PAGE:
The Challenges Faced in a Sales and Service Culture

8 November, 2009 (20:45) | Blog | By: admin

By: Michael Neill

I read a consultant’s blog that noted, “A Sales and Service Culture is like the Loch Ness Monster.  Many have claimed it exists but no one has actually seen it!”  Pretty funny, but an overstatement.  While there are far more financial institutions that continue to attempt to differentiate on convenience, new products, technology, etc., there are not many excellent examples of fully effective sales and service cultures.  

Why do we so see few top notch sales and service cultures? 

  1. The efforts to develop a culture that will create a true retail focus throughout the institution are still in its infancy.  Yes, we have been talking about it since the 80’s, but most financial institutions see/saw it as the next thing to do or found it to be important only when the small business customers weren’t borrowing.
  2. We can convince ourselves we have a sales and service culture much more easily than we can build it.  For example, I hear someone tell me every week, “You know we already have a sales culture.”  They then begin to explain that their institution has a service culture because they have done sales training and have incentives.  This claim is akin to me claiming that I am a qualified contractor because I have a hammer and a building loan.
  3. It takes time to change the entire culture of an organization that has been operating in a “processing obsessed culture” for years.  We sometimes suffer from “Organizational Attention Deficit Disorder” i.e. Difficulty in maintaining focus on long term strategic initiatives. “Let’s just do some sales training and give the employees a cool sticker to wear.   That should do it, right?”
  4. Changes are not limited to the change in employees adopting service behaviors and moving from order taking behaviors.  It is much more challenging to teach ourselves how to move from managing to coaching and leading. 

I hope I can address each of the above four challenges in the coming issues in more detail.  However, I can provide a solid idea of some of the pieces it takes to create a “real sales and service culture.”  How is your institution doing? 

  1. We have a plan in place that provides a guide to implement all of the correct tactics in the proper sequence and in the correct spatial relationship.  We wouldn’t covert our core processing system without a plan in place, would we?
  2. The institution has a statement of intent that provides an understanding of what we are here to do for our customers/members. E.g. Our Mission is to enable customers to fulfill their financial goals.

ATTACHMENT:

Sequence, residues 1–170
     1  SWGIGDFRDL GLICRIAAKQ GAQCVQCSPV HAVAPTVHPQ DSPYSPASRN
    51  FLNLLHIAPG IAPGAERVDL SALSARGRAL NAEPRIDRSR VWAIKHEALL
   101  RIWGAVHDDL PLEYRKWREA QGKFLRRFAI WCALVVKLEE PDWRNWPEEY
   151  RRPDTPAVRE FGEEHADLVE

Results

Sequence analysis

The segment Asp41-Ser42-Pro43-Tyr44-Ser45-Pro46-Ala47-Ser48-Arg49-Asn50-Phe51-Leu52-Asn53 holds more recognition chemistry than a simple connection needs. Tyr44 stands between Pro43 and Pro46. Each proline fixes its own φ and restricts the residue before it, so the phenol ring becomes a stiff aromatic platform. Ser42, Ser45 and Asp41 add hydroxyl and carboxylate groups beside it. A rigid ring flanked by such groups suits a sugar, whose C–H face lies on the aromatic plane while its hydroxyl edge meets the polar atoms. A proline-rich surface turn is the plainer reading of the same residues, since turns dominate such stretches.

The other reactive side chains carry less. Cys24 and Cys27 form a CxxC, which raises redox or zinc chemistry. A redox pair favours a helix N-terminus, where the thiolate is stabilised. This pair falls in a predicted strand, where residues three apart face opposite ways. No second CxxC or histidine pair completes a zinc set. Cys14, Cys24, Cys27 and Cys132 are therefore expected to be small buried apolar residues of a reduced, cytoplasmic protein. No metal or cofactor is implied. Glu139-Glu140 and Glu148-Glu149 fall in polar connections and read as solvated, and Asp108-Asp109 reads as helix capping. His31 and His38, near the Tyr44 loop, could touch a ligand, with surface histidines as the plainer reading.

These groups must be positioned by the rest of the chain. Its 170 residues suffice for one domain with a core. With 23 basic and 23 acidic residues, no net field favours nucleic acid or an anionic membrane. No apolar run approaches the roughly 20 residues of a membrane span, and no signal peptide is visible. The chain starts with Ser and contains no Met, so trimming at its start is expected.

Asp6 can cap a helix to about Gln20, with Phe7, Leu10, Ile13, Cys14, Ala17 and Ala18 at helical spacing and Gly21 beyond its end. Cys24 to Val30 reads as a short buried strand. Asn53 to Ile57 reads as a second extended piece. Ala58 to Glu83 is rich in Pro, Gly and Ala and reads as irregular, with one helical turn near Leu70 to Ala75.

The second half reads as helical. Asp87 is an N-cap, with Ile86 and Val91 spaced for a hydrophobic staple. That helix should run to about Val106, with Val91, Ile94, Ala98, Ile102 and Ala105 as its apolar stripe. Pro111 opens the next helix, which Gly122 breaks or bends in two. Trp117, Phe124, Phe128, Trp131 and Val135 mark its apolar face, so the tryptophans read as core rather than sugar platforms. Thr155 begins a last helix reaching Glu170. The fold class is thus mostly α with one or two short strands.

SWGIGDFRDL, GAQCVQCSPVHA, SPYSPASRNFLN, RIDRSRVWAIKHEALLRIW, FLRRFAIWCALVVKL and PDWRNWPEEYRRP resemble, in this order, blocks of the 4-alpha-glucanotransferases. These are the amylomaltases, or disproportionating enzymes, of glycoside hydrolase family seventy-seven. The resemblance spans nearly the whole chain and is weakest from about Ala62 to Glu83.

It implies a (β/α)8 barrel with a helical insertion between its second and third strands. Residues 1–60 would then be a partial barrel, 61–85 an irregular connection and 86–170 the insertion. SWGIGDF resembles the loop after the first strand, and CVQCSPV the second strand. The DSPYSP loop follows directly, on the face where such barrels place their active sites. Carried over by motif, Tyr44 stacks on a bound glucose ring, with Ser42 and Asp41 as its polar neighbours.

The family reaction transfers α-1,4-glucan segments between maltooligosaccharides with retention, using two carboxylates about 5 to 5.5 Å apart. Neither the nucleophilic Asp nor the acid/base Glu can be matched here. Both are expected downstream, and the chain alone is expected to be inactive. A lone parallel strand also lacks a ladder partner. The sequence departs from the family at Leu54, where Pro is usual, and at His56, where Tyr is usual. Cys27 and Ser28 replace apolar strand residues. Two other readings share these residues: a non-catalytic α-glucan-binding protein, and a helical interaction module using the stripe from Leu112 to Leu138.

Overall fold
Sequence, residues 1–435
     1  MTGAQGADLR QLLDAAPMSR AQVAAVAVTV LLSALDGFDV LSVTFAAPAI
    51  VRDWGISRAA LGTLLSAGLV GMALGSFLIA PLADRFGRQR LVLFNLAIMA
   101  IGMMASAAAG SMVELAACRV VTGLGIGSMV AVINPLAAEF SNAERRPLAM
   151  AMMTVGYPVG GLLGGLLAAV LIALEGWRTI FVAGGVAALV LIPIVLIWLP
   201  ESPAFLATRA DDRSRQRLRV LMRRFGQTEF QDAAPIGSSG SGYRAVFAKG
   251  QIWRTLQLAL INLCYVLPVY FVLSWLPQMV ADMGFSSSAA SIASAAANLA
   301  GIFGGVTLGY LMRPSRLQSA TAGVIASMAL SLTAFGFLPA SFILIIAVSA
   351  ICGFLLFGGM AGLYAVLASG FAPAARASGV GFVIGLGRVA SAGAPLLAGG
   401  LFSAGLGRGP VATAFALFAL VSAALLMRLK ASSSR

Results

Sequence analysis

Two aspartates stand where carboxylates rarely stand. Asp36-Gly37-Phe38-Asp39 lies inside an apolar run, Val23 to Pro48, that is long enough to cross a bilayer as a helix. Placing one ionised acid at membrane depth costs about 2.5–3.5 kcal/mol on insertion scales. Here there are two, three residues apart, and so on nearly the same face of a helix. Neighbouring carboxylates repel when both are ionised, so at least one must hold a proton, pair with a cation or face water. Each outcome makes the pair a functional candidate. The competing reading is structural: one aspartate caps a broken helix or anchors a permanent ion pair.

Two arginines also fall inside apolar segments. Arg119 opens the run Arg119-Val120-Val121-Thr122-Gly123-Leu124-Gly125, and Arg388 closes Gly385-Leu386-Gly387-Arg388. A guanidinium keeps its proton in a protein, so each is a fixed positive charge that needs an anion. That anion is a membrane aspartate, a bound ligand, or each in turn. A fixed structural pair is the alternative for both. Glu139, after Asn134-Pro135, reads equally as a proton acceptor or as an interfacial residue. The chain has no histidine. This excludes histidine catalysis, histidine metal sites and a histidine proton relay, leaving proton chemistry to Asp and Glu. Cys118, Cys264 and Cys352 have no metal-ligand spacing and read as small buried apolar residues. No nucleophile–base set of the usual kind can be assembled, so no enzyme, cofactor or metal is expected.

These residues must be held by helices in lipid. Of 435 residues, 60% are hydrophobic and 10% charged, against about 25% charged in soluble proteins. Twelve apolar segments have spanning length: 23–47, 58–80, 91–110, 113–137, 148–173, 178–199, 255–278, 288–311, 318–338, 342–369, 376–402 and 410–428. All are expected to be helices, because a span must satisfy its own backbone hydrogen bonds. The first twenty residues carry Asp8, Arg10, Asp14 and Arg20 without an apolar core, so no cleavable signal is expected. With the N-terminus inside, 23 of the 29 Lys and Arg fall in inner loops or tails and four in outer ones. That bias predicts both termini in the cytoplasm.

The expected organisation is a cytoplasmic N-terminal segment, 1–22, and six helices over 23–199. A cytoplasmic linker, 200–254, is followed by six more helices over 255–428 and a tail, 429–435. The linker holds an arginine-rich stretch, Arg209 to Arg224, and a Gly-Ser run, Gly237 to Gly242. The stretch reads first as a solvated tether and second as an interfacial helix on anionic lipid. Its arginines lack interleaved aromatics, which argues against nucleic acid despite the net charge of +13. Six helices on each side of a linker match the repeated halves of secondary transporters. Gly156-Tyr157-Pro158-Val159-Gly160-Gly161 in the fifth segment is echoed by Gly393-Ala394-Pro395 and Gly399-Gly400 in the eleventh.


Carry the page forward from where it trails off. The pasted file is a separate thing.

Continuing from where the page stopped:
3. We hire employees and promote employees based on their attributes to fit into our culture of high quality service.
  4. We exert as much energy developing, measuring and coaching internal service as we do on external service.
  5. We work to develop a culture of “catching our employees doing things right.”
  6. We have defined service with Service Promises that we broadcast to the customers/members and each other. E.g. “I will treat you as an honored guest.”  We use these Service Promises as the foundation to develop surveys for internal and external customers/members that are used to measure cultural success.
  7. We consider product knowledge so important our employees are required to pass a certification exam every year.
  8. Our evaluations weight sales and service performance equal with balancing and accuracy.
  9. We track service and sales delivery and results as often, and with as much voracity, as any process in the institution.
  10. We consider sales and service coaching to be something we do everyday rather than “another weekly meeting to conduct.”  It is who we are, not a weekly “checkmark” to complete.
  11. We recognize those willing and able employees who perform at a high level.
  12. We hold accountable those employees who are unwilling and unable.  It violates our commitment to excellence to submit our customers/members to the indifferent service delivered by these people. 

You may never see the Loch Ness Monster.  But, I have seen our client’s real sales and service cultures, and it is beautiful to behold!  Interestingly enough they seem to be outperforming their peers in all financial measures.  Go figure!  Hey did you see that?  I can’t believe what I just saw.

Michael Neill is the president of Michael Neill & Associates, Inc.  Since 1998 MNA worked with credit unions and banks to assist them in the development of a lasting and effective sales and service culture.  Credit unions can find out more at www.michaelneill.com and banks may visit www.banksaleschamps.com

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